A Buddhist Perspective on the current situation

This week, in our second all-remote Sangha, Mike B guided our reflections on how to bring a Buddhist perspective to the current world-wide pandemic situation.

Here is a link to the Gil Fronsdal talk that Mike played: https://audiodharma.org/talks/audio_player/11031.html

We also listened to an excerpt of an episode of the NY Times Daily podcast which you can hear at this link (the story we listened to starts at 12:20): https://www.nytimes.com/2020/03/20/podcasts/the-daily/jobs-economy-coronavirus.html

At the end of the discussion Mike mentioned a book called The Overstory by Richard Powers.

Finally, Mike mentioned a poem which Ginny kindly shared with the group:

Gratitude Prayer
A gift from Kaylynn TwoTrees. Meant to be spoken aloud – add in what comes to your mind and heart as you extend your gratitude to all things seen and unseen  (…… -offer the names of the things of the season and your landscape, and memory)

Sun, Moon, Galaxies……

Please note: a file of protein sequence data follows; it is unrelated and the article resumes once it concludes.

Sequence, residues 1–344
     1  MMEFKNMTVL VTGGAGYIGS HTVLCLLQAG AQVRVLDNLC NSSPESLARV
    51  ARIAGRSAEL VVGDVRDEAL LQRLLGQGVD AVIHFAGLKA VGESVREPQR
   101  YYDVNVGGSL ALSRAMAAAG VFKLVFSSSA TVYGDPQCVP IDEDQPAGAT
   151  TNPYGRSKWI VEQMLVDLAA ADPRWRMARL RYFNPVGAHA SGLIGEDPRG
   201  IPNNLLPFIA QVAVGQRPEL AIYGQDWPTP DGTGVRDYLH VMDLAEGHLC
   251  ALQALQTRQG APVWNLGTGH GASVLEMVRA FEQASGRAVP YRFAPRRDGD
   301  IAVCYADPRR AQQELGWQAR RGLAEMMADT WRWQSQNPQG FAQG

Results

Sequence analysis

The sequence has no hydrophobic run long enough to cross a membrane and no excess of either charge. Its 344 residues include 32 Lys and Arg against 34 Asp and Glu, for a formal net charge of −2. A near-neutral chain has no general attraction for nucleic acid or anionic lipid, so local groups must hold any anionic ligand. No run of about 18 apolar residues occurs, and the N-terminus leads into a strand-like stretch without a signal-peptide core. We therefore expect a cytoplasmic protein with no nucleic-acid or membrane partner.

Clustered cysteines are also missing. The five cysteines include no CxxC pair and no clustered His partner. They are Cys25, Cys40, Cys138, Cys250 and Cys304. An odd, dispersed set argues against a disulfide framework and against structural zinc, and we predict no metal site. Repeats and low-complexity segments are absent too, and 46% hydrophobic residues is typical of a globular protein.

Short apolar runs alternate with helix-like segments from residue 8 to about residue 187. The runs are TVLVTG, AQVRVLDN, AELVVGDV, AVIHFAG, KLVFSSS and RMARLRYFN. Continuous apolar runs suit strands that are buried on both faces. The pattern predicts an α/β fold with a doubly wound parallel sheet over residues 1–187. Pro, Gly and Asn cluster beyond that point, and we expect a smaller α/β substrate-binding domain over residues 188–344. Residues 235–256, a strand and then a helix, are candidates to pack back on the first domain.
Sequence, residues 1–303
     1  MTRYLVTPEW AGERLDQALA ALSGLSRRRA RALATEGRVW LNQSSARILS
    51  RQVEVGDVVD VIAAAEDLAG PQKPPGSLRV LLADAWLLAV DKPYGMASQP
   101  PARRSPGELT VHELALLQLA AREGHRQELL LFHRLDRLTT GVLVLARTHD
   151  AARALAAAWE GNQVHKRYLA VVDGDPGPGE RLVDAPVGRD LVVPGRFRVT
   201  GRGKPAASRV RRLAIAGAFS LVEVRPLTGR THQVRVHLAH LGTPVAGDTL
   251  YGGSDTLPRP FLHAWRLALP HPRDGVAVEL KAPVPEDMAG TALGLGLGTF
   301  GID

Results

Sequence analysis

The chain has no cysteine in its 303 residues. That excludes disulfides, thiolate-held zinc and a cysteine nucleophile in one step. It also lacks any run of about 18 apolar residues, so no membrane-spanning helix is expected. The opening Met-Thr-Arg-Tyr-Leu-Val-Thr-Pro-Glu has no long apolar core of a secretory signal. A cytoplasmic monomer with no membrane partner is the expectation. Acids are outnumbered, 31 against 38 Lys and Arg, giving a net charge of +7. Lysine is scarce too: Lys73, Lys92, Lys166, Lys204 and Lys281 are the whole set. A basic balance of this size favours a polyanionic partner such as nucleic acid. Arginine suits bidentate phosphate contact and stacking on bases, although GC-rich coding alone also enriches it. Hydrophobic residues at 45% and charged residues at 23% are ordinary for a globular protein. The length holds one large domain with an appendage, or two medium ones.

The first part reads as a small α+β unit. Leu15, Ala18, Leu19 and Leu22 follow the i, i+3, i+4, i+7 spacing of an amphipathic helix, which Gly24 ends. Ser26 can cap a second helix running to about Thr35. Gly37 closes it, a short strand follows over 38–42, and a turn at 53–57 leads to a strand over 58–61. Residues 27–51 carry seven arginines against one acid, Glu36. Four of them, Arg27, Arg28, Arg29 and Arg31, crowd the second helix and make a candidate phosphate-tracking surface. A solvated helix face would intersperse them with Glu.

We are grateful to be part of you today
Mountains, valleys……
We are grateful to be part of you today
The earth beneath our feet
Soil, sand, clay….
We are grateful to be part of you today
Waters both salty and sweet
Rain, oceans, streams….
We are grateful to be part of you today
All the green
Plants, trees ……
We are grateful to be part of you today
All the winged creatures
Butterflies, hummingbirds, raven, crow…….
We are grateful to be part of you today
All the creatures who live under the ground
Groundhogs, earthworms…..
We are grateful to be part of you today
All the creatures who crawl on the skin of the mother
Ants, snakes…..
We are grateful to be part of you today
All the creatures of the waters both salty and sweet
Frogs, salamanders…….
We are grateful to be part of you today
All the 4 legged creatures
Domestic and wild….